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A lot is going on, and a lot of it is strange, no wonder we are under stress

Posted on 21 May 2019

We are nearly halfway through the year and what a year it has been! And now we are faced with yet another election. Our political situation in the UK feels very uncertain indeed, no-one could safely say where we will be next year. If we look beyond our local horizons the world seems to becoming more and more unpredictable and even dangerous. Just as we come to terms with the need to act re climate change, we are then warned about the dangers of losing our bio-diversity.

It all feels very uncertain, too fast and potentially very dangerous. It also feels out of our control. No wonder more and more of us are feeling stressed and unhappy and even developing mental health problems.

 

The challenge of change

As human beings we are wired for familiarity. There is a good reason for this. For most of the existence of our species we lived a much simpler life in small bands of hunter-gatherers. It was a simple life but it could be a dangerous one. Wild animals could attack, the food supply could fail, strangers could start a battle. Danger was all around and if our hunter-gatherer ancestors did not deal with it then they could die. In the worst cases the whole band could be wiped out.

So, what is the obvious way to avoid danger? Perhaps the most important is to avoid the unknown. For our ancestors this meant sticking with the routes you knew when foraging for food, using tried and trusted hunting techniques and being wary of strangers. What you knew was much less likely to be dangerous than what you did not.

We still carry this basic pattern with us in the 21st century. It is why the uncertainties in the wider world can make us feel uncomfortable. But it is also there in our personal lives as well. If you reflect on your own experiences, I am sure you can think of some examples. We are all a bit apprehensive when we start a new job, for example, or moving to a new area can be exciting but it can also mean some sleepless nights before you settle in.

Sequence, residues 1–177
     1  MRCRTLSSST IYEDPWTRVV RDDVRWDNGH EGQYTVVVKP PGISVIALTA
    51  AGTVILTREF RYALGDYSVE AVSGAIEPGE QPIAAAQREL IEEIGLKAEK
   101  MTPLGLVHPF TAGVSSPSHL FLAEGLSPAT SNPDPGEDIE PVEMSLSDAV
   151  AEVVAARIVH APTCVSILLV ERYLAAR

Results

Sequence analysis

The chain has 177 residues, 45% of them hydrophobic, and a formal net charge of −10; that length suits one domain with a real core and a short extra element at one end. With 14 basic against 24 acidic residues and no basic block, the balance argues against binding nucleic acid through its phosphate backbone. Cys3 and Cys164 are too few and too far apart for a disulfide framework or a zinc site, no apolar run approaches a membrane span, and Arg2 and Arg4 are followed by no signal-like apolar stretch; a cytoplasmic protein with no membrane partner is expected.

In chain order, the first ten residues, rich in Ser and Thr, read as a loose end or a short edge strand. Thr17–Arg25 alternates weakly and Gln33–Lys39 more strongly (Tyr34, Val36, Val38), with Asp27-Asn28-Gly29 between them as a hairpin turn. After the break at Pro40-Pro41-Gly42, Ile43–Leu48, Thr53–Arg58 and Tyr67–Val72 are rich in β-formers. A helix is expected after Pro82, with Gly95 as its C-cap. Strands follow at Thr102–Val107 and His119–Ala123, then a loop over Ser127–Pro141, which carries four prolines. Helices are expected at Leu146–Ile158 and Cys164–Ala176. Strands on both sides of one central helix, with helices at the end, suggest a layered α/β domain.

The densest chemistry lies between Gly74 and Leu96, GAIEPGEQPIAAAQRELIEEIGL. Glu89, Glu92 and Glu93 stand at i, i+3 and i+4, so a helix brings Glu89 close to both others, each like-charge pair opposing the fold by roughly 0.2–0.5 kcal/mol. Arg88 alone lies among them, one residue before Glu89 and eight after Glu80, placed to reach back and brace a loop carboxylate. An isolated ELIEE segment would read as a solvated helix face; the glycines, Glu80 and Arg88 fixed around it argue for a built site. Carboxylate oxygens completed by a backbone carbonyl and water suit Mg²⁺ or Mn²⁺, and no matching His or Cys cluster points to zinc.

If you are thinking about your life and how you have felt when change comes about then you probably have contradictory feelings. You might feel excited as well as a bit scared. Again, we can trace this back to our hunter-gatherer past. For our ancestors, if you needed to do something new then you needed all your wits about you. Your physical systems would have been running at full efficiency, you brain would be firing quickly to process all the new information. This is exhilarating as well as frightening so the two emotions battle away with each other.

You might be thinking; ‘well all this is very interesting but how does it help me now?’ I will try to explain.

We now live in a time of great change. This is relatively recent in human history and has certainly rocketed over the past century or so. We move home more, we change jobs more, we are more likely to get divorced and have several partners over a lifetime. This amount of change, especially if it is constant, and even more if it is unwanted, can place a huge strain on our ability to process what is going on and this can impact and damage our mental health.

 In addition, we sort of ‘know’ a lot more people. Modern mass media, and now social media, mean we see what looks like intimate details of the lives of strangers and we might imagine we know them. This is a strange human experience. Anthropologists tell us that we can only hold details relating to a limited number of people we know in our brains. This number relates to the size of those hunter-gather bands. It is in dozens rather than in thousands. Yet many of us will have thousands of Instagram followers or Facebook friends and it can impact and even harm how we relate to real people in our everyday lives.